Business principles

Employment Appeal Tribunal - 1993 How much time off work for public duties is reasonable? Facts Maule took 24 days off work for her duties as a member of a number of public bodies, including a Social Security Appeals Tribunal (the SSAT), and certain trade union duties in 1990, and 22 days off for such duties in 1991. Attempts had been made to establish a "working arrangement" to limit her time off to an average of two days a month.   In November 1991, she sought time off to attend a…

Employee relations

Court of Appeal - April 1994 Rejection of promotion application of full time trade union officer not unlawful Fact Gallacher was employed as a higher executive officer with the Department of Transport but, between 1987 and 1991, carried out a full time trade union officer role. His application for promotion to the position of senior executive officer within the department in 1990 was rejected on the grounds that, as he had not carried out his departmental duties for a number of years,…

Termination

House of Lords - July 1994 Employer under duty of care to ensure reference is factually accurate Facts Spring worked as a sales representative for an insurance company which was sold to Guardian Assurance. Spring decided to move to work for another insurance company. The rules of the Financial Services Authority are that anyone working in a financially regulated industry (such as insurance) must have a reference before taking up a new appointment.   Due to the sale, the managers at…

Family friendly and flexible working rights , Equality

Court of Justice of the European Union - July 1994 Dismissal of employee covering for maternity leave was direct discrimination Facts Webb was recruited as a replacement for another employee who was on maternity leave, but it was intended that she would be kept on permanently once the other employee returned to work. After two weeks in the job, she disclosed that she was pregnant. She was then dismissed. The case was referred to the Court of Justice of the European Union (CJEU) to…

Equality

Court of Justice of the European Union - December 1995 Enhanced overtime pay need not be paid to part-time employees until after they have worked full-time hours Facts The employer operated a policy in line with the terms of a collective agreement that payment for overtime hours worked by part-time employees would only be made at an enhanced rate after they had worked the equivalent of full-time hours.   A group of part-timers claimed that this policy was indirectly discriminatory on…

Employee relations

Court of Appeal - 1995 Ballot still valid despite additional union members Facts RMT, the rail union, held a ballot of its members and there was a clear majority in favour of strike action (over a number of one and two day periods). After the ballot, a further 20 members joined the trade union, which London Underground was prepared to accept as making no difference to the validity of the earlier ballot. However, around one month later, notice was given of further industrial action and…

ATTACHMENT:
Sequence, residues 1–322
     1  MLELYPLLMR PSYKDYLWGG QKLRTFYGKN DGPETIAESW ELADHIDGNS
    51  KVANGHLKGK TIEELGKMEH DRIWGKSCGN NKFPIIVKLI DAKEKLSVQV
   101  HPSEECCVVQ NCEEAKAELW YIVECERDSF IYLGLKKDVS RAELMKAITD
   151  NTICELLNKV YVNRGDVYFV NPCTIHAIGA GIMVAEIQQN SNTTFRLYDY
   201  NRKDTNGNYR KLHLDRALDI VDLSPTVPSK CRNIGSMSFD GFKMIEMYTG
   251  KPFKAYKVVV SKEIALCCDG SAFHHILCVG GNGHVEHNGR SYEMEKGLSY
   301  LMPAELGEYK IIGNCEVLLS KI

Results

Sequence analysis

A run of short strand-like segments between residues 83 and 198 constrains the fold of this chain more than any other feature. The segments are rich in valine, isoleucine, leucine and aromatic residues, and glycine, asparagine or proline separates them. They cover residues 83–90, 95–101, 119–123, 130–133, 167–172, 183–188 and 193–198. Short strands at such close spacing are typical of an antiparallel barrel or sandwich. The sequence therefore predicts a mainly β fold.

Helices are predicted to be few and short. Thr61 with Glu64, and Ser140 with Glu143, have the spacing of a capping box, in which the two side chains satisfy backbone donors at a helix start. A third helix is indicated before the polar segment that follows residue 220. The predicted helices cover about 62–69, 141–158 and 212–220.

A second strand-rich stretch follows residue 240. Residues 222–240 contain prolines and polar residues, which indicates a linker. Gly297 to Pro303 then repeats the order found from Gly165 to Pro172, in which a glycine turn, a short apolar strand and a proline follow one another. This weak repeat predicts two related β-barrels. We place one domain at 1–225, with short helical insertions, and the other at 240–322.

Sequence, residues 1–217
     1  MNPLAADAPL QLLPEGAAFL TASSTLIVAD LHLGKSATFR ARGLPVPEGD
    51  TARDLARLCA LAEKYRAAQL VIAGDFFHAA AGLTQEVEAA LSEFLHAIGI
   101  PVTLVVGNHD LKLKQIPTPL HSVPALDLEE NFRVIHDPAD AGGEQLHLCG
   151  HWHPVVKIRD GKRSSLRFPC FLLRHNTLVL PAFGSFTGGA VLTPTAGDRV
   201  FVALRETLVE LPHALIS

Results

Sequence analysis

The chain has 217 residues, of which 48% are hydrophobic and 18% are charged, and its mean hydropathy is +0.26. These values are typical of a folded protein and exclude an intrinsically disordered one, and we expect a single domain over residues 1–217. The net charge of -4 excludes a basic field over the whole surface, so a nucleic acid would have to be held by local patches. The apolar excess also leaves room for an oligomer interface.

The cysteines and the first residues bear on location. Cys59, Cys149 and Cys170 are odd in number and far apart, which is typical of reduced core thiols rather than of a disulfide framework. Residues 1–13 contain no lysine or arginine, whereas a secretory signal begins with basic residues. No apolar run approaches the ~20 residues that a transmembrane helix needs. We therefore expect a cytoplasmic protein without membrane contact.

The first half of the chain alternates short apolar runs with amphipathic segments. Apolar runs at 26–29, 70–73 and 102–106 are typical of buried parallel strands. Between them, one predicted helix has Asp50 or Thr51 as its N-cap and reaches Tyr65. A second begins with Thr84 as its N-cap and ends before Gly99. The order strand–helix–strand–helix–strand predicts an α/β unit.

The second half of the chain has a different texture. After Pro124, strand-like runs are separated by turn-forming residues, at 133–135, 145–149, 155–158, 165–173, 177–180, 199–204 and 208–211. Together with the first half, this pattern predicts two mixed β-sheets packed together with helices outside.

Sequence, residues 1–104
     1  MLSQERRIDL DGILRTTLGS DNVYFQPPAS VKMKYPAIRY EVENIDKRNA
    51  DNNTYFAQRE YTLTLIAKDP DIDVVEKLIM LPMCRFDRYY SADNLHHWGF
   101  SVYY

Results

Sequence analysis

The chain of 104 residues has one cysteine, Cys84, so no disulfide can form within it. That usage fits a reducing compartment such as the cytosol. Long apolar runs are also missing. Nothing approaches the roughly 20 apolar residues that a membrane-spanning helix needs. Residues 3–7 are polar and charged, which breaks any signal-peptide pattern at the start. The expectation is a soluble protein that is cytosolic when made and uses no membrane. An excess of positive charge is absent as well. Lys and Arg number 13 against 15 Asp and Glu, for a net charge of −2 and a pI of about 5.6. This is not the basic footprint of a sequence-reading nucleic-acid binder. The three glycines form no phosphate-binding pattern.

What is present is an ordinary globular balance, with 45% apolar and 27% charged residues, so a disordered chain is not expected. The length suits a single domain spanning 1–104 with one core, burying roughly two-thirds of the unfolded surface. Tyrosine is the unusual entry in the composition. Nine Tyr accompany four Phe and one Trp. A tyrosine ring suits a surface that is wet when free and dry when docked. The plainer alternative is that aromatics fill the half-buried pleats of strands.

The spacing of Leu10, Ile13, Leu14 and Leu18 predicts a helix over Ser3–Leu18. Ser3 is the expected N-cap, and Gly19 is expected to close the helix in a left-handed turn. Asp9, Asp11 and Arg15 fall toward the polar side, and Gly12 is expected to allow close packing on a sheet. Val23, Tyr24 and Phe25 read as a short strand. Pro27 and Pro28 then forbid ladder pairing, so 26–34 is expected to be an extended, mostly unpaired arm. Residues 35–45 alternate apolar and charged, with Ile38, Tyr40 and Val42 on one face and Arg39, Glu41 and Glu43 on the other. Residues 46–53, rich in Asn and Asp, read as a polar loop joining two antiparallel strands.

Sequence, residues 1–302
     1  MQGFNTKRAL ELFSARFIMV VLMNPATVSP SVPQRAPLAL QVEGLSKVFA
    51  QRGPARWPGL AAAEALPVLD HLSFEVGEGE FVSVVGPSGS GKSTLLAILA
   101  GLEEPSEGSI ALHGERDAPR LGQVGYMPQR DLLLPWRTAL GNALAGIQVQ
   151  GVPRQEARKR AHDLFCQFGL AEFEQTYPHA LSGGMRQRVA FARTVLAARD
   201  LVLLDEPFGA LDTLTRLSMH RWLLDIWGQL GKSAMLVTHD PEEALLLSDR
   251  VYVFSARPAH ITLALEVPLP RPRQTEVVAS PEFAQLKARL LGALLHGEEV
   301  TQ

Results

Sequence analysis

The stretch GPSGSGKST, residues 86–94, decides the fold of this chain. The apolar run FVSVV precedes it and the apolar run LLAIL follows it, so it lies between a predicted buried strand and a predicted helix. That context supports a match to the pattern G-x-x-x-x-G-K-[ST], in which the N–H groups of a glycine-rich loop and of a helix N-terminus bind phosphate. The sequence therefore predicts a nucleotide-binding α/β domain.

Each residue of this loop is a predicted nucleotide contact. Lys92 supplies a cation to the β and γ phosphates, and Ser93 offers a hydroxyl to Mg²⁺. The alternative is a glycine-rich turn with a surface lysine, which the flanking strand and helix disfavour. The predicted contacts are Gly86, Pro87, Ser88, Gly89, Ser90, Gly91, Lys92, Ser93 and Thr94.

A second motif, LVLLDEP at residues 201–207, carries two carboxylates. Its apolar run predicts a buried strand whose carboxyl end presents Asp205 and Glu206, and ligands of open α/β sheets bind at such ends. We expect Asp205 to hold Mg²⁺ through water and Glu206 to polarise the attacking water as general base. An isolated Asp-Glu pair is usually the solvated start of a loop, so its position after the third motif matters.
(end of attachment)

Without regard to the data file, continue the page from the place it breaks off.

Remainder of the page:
Employee relations

Employment Appeal Tribunal - 1995 Employee’s dismissal was on account of her trade union membership Facts Armitage was dismissed after she asked her local union official to intervene with her employer to resolve a problem over its failure to provide her with a written statement of terms and conditions of employment. EAT Upholding an employment tribunal’s decision that she had been dismissed primarily by reason of her union membership, the EAT stated: "The activities of a trade…

Family friendly and flexible working rights

Court of Justice of the European Union - February 1996 Employees on maternity leave not entitled to full pay Facts The 17 claimants were employed by various health boards in Northern Ireland. During their maternity leave - in accordance with the terms of a collective agreement - they were paid full pay for four weeks, 90 percent of full pay for the next two weeks, and half pay for the following 12 weeks. This was more generous than statutory maternity pay at the time. Agreements that…

Equality

Employment Appeal Tribunal - October 1996 Are employers responsible for discrimination by a third party? Facts In this case, two black female waitresses were working at a private function being held at the hotel where they were employed. Bernard Manning, a comedian (who was not employed by the hotel) was performing at the function, and during his after dinner act he made a number of highly offensive sexist and racist jokes. Some of these jokes were directed specifically at the two…

Employee relations

Court of Appeal - 1997 Inducement to breach a contract Facts TimePlan, a recruitment agency for teachers, had agreed to place a series of advertisements in a magazine run by a teachers’ union in New Zealand. A dispute arose with the NUT over whether the agency paid the teachers which they supplied at a rate lower than the statutory pay rate.   The NUT contacted the New Zealand union to inform it of the ongoing dispute and suggesting that the union “might consider it inappropriate to…